The greatest one make racing series of all time
Ever wondered what boxes look like when they go racing?
There is an unspoken rule shared between all motorsport enthousiasts that the less rules and regulations the better. If you give manufacturers all the freedom in the world you will get some of the most insane, experimental and revolutionary race cars in return. Perfect example being the beloved Group B era of rally.
At some point however the insanity ends. Skyrocketing budgets and mortality rates often give way to stricter, more tight regulation. The weird thing is that in racing series with no mechanical freedom whatsoever the action is sometimes even better. It's racing in it's purest form: the best driver wins.
The Lamborghini Super Trofeo and Porsche 911 Cup are some of the most famous one make championships. But i believe Honda in the the 1980's had the best one of all when they decided to go racing with one of the smallest cars in their line up, The Honda City Turbo II.
The original Honda City was known as an extremely popular small economical hatchback before Hirotoshi Honda, son of Soichiro Honda who founded Honda Motors back in 1948, and his small tuning shop Mugen turned it into a pocket rocket by adding a turbocharger.
Mugen had impressed Honda so much that their City Turbo soon joined it's naturally aspirated brothers in Honda showrooms. It was Mugen's breakthrough car for the commercial market. Soon after came the City Turbo II with a tuned up engine producing 108 horsepower. Not bad for a car that only weighed 745 kg. The added fender flares combined with it's small size gave it the "Bulldog" nickname.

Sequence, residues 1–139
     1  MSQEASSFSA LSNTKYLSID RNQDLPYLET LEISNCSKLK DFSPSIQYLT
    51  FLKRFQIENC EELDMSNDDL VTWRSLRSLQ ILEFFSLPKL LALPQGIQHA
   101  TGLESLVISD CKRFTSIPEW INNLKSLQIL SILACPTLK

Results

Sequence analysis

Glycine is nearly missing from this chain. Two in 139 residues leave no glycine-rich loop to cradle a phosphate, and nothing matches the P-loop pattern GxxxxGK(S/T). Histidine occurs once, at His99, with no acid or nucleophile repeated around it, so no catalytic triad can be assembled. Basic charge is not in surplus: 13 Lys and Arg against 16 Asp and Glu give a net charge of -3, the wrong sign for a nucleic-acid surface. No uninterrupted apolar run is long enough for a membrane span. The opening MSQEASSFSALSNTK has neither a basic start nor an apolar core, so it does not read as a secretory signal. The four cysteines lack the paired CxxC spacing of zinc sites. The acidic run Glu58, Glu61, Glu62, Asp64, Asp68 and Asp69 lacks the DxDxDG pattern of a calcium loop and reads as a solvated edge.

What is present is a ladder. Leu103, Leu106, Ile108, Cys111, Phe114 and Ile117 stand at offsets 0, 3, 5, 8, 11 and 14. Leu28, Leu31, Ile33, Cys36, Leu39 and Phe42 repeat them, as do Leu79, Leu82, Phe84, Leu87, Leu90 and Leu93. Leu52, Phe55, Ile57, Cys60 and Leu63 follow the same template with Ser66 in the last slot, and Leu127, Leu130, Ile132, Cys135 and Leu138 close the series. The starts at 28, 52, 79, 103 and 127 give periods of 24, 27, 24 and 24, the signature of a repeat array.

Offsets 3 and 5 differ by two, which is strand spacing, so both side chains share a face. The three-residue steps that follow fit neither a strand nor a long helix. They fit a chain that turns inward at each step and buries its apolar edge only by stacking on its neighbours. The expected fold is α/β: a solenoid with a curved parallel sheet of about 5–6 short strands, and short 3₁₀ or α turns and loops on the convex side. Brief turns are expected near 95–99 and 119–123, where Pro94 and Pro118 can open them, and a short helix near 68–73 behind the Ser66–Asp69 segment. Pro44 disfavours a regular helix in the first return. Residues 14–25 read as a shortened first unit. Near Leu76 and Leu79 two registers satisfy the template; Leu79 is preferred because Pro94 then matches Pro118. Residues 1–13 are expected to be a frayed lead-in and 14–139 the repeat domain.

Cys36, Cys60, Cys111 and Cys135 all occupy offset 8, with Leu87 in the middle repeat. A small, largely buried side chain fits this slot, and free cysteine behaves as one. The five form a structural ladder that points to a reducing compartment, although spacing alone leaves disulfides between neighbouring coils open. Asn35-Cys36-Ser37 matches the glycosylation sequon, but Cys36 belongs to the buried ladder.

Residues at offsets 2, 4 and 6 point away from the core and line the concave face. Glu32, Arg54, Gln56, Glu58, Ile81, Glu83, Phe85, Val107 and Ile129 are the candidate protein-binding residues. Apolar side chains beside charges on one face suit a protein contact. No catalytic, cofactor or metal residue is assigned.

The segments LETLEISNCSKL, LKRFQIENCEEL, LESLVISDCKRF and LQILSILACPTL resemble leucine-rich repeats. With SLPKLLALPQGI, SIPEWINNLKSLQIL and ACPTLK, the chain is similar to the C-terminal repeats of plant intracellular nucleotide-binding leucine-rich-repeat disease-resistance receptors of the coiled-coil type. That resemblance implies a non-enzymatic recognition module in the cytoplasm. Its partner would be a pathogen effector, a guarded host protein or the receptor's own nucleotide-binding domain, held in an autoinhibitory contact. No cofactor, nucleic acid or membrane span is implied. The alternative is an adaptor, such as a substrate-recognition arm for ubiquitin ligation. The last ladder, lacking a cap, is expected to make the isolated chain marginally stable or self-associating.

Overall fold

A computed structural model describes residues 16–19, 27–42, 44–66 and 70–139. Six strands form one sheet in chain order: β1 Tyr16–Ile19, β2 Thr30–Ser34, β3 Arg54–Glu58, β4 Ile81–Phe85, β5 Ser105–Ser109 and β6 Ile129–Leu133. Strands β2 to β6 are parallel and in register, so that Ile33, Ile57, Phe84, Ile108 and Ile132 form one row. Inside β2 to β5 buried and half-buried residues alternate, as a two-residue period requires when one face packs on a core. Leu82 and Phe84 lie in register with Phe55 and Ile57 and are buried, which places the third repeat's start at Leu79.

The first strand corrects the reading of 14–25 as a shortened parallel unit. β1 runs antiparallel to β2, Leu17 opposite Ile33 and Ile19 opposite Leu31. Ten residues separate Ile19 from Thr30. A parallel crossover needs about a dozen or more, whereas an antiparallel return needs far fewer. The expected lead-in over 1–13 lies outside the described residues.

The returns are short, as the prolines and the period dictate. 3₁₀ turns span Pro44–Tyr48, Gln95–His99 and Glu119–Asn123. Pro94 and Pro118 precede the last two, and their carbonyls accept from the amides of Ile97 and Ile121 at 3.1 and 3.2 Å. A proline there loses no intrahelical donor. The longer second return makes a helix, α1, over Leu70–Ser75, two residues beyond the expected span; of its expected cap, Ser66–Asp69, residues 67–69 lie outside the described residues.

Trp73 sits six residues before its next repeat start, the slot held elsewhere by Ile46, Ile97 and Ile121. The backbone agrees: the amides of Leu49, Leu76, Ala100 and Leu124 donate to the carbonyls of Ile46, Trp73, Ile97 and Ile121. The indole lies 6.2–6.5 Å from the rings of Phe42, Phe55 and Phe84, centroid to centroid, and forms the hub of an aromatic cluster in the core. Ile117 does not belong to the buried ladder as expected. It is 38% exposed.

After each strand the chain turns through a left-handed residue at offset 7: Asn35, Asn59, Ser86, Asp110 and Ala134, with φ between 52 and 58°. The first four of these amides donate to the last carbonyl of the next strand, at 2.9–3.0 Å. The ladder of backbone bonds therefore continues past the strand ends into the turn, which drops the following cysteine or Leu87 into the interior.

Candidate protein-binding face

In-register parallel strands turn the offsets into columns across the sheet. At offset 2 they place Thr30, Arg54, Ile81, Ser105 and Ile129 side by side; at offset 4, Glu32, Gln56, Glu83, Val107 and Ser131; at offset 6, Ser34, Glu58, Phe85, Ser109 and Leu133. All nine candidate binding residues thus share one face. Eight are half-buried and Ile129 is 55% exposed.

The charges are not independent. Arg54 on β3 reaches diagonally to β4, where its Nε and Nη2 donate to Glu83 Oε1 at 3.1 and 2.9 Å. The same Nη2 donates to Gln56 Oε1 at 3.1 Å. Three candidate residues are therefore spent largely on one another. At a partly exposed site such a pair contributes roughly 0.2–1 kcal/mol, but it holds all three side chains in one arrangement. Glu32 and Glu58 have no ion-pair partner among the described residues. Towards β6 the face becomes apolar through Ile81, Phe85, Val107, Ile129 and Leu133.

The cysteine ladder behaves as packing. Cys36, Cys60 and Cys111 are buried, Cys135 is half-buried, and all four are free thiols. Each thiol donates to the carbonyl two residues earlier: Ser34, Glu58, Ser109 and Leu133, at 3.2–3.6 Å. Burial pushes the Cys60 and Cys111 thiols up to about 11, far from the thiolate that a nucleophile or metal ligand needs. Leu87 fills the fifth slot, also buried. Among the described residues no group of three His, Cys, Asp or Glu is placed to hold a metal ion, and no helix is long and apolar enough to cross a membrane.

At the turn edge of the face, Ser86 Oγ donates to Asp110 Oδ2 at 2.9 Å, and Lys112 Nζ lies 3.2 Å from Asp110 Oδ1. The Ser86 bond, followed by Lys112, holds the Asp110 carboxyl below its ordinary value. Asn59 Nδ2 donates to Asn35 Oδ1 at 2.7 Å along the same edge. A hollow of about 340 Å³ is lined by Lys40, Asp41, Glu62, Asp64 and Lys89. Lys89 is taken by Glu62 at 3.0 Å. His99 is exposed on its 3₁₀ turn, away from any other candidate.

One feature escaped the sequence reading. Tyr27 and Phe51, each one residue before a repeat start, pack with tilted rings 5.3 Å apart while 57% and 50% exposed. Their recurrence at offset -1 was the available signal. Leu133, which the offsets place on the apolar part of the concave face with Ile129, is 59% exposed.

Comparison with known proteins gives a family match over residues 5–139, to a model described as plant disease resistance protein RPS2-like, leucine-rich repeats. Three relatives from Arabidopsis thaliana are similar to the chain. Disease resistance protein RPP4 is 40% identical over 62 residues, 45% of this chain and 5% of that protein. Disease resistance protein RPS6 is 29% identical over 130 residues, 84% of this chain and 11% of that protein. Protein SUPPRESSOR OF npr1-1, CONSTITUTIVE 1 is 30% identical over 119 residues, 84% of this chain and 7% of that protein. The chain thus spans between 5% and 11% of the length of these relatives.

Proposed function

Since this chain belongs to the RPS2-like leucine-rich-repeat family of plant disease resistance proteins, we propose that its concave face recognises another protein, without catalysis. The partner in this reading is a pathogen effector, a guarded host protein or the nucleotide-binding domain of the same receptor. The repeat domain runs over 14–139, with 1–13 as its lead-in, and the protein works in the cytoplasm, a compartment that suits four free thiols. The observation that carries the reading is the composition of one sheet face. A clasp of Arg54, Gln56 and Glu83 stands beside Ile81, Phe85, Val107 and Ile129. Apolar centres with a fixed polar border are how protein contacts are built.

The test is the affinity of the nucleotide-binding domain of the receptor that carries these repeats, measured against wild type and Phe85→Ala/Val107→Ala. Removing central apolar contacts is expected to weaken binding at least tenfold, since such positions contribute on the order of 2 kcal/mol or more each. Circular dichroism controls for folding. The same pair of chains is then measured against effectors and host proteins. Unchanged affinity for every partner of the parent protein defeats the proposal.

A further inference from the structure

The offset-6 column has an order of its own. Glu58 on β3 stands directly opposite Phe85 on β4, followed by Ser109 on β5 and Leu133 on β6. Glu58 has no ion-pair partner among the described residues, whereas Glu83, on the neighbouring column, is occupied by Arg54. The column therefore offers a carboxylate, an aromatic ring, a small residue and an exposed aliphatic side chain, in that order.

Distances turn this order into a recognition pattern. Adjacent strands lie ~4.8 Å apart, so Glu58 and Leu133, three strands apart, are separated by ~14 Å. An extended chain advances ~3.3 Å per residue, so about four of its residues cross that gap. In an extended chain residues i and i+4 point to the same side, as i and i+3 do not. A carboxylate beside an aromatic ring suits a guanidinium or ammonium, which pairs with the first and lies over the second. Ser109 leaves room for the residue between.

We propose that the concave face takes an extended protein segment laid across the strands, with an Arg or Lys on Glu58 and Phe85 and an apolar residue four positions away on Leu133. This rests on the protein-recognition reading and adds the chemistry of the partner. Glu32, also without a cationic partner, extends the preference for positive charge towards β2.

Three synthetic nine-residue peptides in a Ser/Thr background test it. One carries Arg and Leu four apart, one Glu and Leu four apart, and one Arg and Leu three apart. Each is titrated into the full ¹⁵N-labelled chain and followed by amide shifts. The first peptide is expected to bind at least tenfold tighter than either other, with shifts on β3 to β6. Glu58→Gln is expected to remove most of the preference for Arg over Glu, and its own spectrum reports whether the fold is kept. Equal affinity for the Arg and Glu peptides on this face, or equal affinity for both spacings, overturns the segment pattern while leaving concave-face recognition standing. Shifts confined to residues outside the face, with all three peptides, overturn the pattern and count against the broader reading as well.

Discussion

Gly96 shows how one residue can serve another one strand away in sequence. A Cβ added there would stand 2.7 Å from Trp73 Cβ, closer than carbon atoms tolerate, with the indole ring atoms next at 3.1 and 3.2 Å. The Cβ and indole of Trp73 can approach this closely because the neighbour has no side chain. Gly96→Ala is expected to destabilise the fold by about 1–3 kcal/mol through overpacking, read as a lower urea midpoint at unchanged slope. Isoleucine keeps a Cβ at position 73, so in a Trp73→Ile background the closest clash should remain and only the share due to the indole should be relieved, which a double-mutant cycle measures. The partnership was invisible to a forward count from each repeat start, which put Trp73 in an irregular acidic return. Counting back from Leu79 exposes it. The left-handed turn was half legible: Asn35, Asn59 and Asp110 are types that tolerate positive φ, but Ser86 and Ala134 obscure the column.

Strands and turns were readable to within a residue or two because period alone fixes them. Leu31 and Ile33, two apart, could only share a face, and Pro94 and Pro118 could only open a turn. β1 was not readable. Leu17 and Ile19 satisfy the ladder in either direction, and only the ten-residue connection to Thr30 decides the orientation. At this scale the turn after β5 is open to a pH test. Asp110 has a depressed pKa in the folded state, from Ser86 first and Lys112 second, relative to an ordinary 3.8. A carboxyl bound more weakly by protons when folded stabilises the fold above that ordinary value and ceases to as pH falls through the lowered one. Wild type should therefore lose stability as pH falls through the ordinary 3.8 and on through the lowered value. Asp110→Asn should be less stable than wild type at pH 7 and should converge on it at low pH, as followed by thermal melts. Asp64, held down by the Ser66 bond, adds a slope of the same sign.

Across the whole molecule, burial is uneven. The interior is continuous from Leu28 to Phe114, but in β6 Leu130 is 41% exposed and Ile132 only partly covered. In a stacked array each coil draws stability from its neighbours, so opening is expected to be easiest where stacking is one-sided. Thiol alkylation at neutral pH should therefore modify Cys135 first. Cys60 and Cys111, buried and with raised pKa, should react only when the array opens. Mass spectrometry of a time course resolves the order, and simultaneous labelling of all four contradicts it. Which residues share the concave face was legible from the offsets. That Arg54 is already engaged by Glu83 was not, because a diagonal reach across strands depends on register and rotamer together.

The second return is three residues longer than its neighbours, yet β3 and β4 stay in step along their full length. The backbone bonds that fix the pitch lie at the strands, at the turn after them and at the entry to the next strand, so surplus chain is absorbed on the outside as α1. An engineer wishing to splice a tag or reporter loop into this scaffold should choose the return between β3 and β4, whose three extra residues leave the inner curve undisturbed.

When it came to the one make racing series, Mugen tuned the cars up even more. The City Turbo II R was given a larger free flowing exhaust, bigger injectors, modified camshaft, bigger intercooler and a turbo now capable of 1.5 bar worth of boost. The end result was 140 horsepower in a car that tipped the scales at a featherweight 660 kg.
This was a perfect recipe and soon Japan's most famous racetracks were invaded by the small boxes ready for an all out war. The action that ensued was spectacular. Sights of City Turbos taking up the whole width of the track weren't uncommon.
The sticky racing tires combined with the relative high center of gravity made for some unexpected high speed rollovers but nobody was ever seriously hurt. The racing lasted all the way up to 1986 when Honda revealed the new GA generation of the Honda City. Every single one of the City Turbo II R race cars were sold to an Australian entrepreneur who set out to continue the racing series down under. This is where story comes to a screeching halt.
While the adopted pack of race cars were sitting in a warehouse in Osaka ready to be shipped, a major earthquake hit the city. The building collapsed, crushing all but one City Turbo II R in the process. The sole remaining survivor now resides in the Suzuka Circuit collection hall.
Now the only place to see these mad boxes fight each other is on Youtube. But don't worry, you won't have to go on a mad scavenger hunt for obscure videos as i already did it for you. Almost all video footage of the "Bulldog races" can be found below.
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